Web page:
“Christian Fiction” and the Faith of J.K. Rowling and Sara Zarr

I know that many of my fellow Christians are so convinced that J.K. Rowling is a servant of Satan that they won’t be persuaded by anything as insignificant as… oh… the author’s own words about her faith.

But I’m encouraged that the conversation about Rowling’s perspective and beliefs is still moving. Maybe eventually it will persuade a few souls to stop protesting and start listening. Maybe it will inspire others to stop and try to count just how many young people the stories have actually led into lives of witchcraft, as opposed to those who have benefitted from an imaginative tale about growing up and discovering our place in a scary and complicated world.

And… I know, I may sound like a stuck record here… this just makes me want to raise the question again:¬†What is this Christian Fiction category I keep reading about… and why doesn’t Harry Potter qualify for it?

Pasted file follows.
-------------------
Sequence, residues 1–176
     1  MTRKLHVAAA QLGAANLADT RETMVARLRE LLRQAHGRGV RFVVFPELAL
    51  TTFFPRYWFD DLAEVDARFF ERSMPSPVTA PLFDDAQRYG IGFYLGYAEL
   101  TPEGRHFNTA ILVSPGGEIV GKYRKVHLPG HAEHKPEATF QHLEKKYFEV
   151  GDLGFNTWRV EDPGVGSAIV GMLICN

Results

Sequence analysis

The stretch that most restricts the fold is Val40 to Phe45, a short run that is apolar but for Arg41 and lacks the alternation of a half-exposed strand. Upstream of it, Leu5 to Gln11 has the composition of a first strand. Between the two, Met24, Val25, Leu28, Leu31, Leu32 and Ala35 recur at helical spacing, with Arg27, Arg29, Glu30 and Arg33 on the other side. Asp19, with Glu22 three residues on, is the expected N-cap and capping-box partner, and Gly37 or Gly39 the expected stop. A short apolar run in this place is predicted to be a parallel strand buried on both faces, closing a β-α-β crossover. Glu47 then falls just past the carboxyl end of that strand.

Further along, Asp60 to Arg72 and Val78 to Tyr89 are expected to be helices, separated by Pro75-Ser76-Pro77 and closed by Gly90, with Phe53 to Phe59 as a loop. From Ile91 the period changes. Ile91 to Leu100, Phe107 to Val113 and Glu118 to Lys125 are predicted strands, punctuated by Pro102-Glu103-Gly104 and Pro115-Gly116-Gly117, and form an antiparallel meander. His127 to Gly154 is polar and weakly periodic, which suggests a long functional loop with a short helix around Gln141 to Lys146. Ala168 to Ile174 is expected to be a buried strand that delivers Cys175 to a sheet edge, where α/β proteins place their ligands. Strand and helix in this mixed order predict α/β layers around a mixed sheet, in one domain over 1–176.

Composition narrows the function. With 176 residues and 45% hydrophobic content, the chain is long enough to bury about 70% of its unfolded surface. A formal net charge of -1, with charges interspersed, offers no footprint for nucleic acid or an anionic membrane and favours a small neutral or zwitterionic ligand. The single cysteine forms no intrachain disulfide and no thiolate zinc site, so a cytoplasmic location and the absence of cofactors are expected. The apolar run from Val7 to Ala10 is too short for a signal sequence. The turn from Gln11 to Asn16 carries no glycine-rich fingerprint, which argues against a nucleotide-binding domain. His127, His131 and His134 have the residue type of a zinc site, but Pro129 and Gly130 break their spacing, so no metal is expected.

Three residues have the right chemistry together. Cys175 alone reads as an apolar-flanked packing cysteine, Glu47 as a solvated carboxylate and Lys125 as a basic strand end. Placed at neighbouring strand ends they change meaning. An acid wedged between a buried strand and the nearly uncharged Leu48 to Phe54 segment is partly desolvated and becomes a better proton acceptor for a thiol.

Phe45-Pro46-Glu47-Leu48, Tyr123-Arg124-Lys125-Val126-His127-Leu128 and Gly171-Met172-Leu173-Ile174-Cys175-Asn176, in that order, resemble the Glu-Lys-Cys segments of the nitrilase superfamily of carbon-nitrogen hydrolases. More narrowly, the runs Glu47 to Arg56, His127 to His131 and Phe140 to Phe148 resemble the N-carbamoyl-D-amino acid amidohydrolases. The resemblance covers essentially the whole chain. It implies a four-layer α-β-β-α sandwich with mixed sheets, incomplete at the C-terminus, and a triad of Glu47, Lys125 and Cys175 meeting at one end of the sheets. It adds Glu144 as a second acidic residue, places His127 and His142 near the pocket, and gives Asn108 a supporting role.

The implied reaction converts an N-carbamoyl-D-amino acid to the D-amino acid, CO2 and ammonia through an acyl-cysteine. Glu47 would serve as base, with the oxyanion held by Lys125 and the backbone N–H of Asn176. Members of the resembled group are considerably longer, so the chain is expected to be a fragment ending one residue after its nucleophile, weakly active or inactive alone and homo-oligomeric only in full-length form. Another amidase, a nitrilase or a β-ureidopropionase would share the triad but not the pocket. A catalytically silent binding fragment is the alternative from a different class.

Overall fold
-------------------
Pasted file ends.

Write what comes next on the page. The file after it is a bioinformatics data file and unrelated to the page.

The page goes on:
• The Potter books are written by a churchgoing believer (albeit one who admits to having doubts and questions and struggles.)
  • They echo scripture rather directly.
  • They give us reflections of Christ’s own teaching frequently.
  • And they’re worth taking seriously as mythmaking of spiritual relevance, as Alan Jacobs demonstrates in the latest issue of Books and Culture.

And speaking of “Christian fiction,” why aren’t the websites devoted to such a genre celebrating that Sara Zarr’s Story of a Girl is a finalist for the National Book Award? Sara doesn’t flinch from talking about her Christian faith, and her book is so truthful that it’ll make some readers squirm.

In a recent blog interview, Sara was asked: “Your book has underage sex, curse words, etc., but it is also very much about forgiveness and redemption. I know that you are Christian — did you worry at all that more conservative religious people might automatically (unfairly!) label Story of a Girl as a “teen smut” novel?”

She responded: